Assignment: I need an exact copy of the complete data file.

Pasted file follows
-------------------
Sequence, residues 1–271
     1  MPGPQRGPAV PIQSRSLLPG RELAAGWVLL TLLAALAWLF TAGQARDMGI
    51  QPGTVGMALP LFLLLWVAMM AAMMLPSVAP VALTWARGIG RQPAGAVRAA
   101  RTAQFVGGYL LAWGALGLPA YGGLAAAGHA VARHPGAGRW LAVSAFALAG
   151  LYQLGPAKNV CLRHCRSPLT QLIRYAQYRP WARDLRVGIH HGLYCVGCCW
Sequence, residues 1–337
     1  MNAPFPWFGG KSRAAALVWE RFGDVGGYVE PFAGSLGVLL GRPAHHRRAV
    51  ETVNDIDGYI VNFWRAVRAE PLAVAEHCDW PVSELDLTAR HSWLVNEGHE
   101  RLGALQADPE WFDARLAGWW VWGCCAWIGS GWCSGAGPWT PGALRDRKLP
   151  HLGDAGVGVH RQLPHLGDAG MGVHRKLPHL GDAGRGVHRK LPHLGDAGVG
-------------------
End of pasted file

Sequence, residues 1–271
     1  MPGPQRGPAV PIQSRSLLPG RELAAGWVLL TLLAALAWLF TAGQARDMGI
    51  QPGTVGMALP LFLLLWVAMM AAMMLPSVAP VALTWARGIG RQPAGAVRAA
   101  RTAQFVGGYL LAWGALGLPA YGGLAAAGHA VARHPGAGRW LAVSAFALAG
   151  LYQLGPAKNV CLRHCRSPLT QLIRYAQYRP WARDLRVGIH HGLYCVGCCW
Sequence, residues 1–337
     1  MNAPFPWFGG KSRAAALVWE RFGDVGGYVE PFAGSLGVLL GRPAHHRRAV
    51  ETVNDIDGYI VNFWRAVRAE PLAVAEHCDW PVSELDLTAR HSWLVNEGHE
   101  RLGALQADPE WFDARLAGWW VWGCCAWIGS GWCSGAGPWT PGALRDRKLP
   151  HLGDAGVGVH RQLPHLGDAG MGVHRKLPHL GDAGRGVHRK LPHLGDAGVG